Bring back the battleships

Ever since Billy Mitchell, a lot of people have claimed that battleships are obsolete–a sentiment that became common after WW2. I don’t believe it. I believe that battleships have a role to fill in modern force-projection. The trouble is that almost everybody is stuck 70 years in the past. I contend that a modern, well-designed battleship would be able to take care of itself quite well.

One of the most common arguments against battleships is that they are an inefficient use of manpower.

This argument is both disingenuous and incredibly stupid. The newest battleships in existence are 70 years old! (As I said, people are stuck 70 years in the past.) Any modern design that is even halfway competent would be computerized and otherwise changed to the point where it would require far fewer sailors to operate.

Another argument–submarines. It’s claimed that battleships are too vulnerable to torpedoes. What many people don’t realize is that some of these arguments can also be applied to aircraft carriers. (The US Navy tries very hard to pretend that those arguments don’t exist.)

When the last battleships were designed, submarines and torpedoes were just beginning to be advanced enough to be a major threat. Any new design would obviously take the current situation into account. It would be quite simple to make such a ship double-hulled, with energy-absorbing material between the hulls.

Another argument, and possibly the most common, is air power. Again, this argument applies to aircraft carriers as well.

Billy Mitchell famously argued that no battleship could defend itself against aerial attack. But today we have the Aegis and Phalanx, which any modern battleship design would most assuredly include.

In addition, most modern anti-ship weapons are designed to be used against an un-armored target. The Iowa-class ships had 7.5 inches of armor on the decks and a belt of 12.1 inches. And if that’s not enough, simply borrow a page from the army and use reactive armor.

Make a modern battleship nuclear-powered, and it would be able to either out-fight or out-run everything else afloat.

Battleships are still obsolete, because militaries (at least of the sort that the US has) are obsolete. Just what realistic modern threats are a battleship supposed to protect against? They won’t stop a nuclear missile, they won’t stop a nuke smuggled into a harbor, they won’t stop a hijacked airline flying into a building, they won’t stop a car bomb in a parking garage. They can make an amphibious landing of troops on a hostile shore much easier, but those landing troops can’t do anything about any of those threats, either.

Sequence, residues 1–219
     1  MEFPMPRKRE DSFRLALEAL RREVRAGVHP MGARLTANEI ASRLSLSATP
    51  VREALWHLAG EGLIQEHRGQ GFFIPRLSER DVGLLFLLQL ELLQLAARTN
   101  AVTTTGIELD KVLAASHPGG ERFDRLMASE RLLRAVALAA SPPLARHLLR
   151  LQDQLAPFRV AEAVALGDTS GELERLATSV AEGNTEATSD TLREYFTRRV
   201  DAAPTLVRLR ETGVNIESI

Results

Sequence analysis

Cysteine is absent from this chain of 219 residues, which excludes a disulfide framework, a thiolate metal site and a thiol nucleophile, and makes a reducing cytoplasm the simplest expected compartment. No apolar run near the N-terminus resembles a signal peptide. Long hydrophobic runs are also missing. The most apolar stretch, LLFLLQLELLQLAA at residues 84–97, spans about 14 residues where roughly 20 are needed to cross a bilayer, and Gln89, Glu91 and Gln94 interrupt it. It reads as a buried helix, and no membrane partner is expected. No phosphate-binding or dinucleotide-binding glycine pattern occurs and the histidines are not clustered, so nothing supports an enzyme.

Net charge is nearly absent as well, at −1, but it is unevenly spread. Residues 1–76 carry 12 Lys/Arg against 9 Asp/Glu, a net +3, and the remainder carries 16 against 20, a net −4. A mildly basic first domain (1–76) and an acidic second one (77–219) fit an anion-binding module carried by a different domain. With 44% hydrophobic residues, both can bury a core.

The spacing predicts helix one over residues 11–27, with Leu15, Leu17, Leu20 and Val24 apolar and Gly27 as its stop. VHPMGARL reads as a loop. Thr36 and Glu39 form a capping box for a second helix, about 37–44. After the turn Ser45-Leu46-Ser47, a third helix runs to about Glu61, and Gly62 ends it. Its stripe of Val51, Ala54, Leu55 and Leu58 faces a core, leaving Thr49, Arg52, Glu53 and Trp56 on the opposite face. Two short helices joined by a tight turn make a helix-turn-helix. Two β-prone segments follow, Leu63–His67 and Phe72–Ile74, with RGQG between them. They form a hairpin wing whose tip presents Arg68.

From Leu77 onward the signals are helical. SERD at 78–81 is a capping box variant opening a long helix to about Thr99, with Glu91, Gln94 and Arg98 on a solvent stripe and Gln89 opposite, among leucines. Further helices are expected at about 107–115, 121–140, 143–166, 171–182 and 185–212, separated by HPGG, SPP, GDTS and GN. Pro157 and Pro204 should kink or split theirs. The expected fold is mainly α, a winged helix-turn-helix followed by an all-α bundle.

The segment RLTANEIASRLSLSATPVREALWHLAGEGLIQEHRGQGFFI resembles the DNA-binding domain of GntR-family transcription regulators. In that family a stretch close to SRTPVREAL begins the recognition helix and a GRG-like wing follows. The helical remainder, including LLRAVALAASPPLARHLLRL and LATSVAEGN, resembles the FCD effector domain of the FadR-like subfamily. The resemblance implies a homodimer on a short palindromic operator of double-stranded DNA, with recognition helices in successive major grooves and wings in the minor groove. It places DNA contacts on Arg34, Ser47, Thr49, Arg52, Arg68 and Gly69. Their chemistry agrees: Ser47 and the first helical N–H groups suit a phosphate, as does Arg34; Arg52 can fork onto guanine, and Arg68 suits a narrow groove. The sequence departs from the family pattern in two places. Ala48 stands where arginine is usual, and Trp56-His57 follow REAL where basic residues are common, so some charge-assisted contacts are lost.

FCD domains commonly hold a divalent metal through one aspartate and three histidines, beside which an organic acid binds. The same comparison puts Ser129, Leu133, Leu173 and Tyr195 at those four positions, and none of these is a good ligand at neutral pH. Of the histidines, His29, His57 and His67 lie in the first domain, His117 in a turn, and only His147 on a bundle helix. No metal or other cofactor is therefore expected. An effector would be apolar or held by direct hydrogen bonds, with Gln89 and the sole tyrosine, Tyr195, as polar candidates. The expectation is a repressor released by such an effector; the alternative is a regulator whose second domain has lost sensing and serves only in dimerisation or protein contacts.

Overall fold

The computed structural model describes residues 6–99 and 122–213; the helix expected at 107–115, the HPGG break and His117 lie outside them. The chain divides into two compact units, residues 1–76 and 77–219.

I disagree. Battleships were outmoded back in the thirties and the gap has just kept becoming wider.

The key factor is that offensive weapons have become more destructive. There’s no such thing as an unsinkable ship. Which is why concentrating your forces into a handful of large ships is a terrible idea. You’re just concentrating the number of targets your opponent needs to hit. You’re much better off dispersing your forces into multiple small ships. A dozen destroyers are better than one battleship.

Modern naval warfare is chiefly about missiles and electronic warfare. Having a ship the size of a battleship does shitall with that and hinders stealth.

I’m just curious here, and I really don’t know the answer - but when was the last time there was a major bunch-of-ships-against-other-bunch-of-ships battle?

Thankfully the mission of the BBs can soon be done by Destroyer size ships with small crews and rail guns. This is reality. BBs are good for only one thing now, flag waving and it is not worth it.

When Reagan & Lehmanbrought them back they served 3 purposes,

  1. At the time they were cheaper than a brand new Missile Cruiser to reach the goal of a 600 ship Navy. Though they were not cheaper to operate by a long shot.
  2. Flag waving, awesome impressive flag waving. I was in a joint fleet with the Jersey and it was amazing to see her firing her guns. Nothing like it in the world.
  3. Beach Bombardment. At the time we had nothing that could compare, firing 16" shells was far cheaper than using Tomahawks and other Missiles. It helped defer the operational cost of the BBs.

Now we have rail guns beginning to deploy.

They are getting close and should be available in less time then it would take to design and build a new BB.

Falklands war, maybe. Although with today’s weapon systems, naval warfare isn’t just ships against ships; the ranges involved can be so great that land-based aircraft, missiles and EW systems come into play. If a US-based B-52 launches cruise missiles against ships in the middle of the Pacific, it’s still naval warfare.
ETA: Sorry, I missed the word “major”.

Towards the end of WWII. Battle of Leyte Gulf during Oct 23-26, 1944.

Not really, they did not engaged that I recall with ship’s guns.

Again–“concentrating your forces into a handful of large ships is a terrible idea”–applies every bit as much to aircraft carriers as it does to battleships. The Gerald R. Ford (currently under construction) is projected to cost $12.9 billion! It will carry 4,660 personnel.

Do you REALLY think that those facts will not be a consideration in deciding when and where to send the ship? Do you REALLY think that the President or Joint Chiefs would not wonder about the wisdom of risking such an expensive investment?

Maybe. But we are talking about a modern battleship here, not bringing back one of the existing battleships and simply retrofitting modern systems into the hull. So, what would a modern battleships role be? What would it have on board to fill that role? That’s the question you’d really have to answer before dismissing such a ship.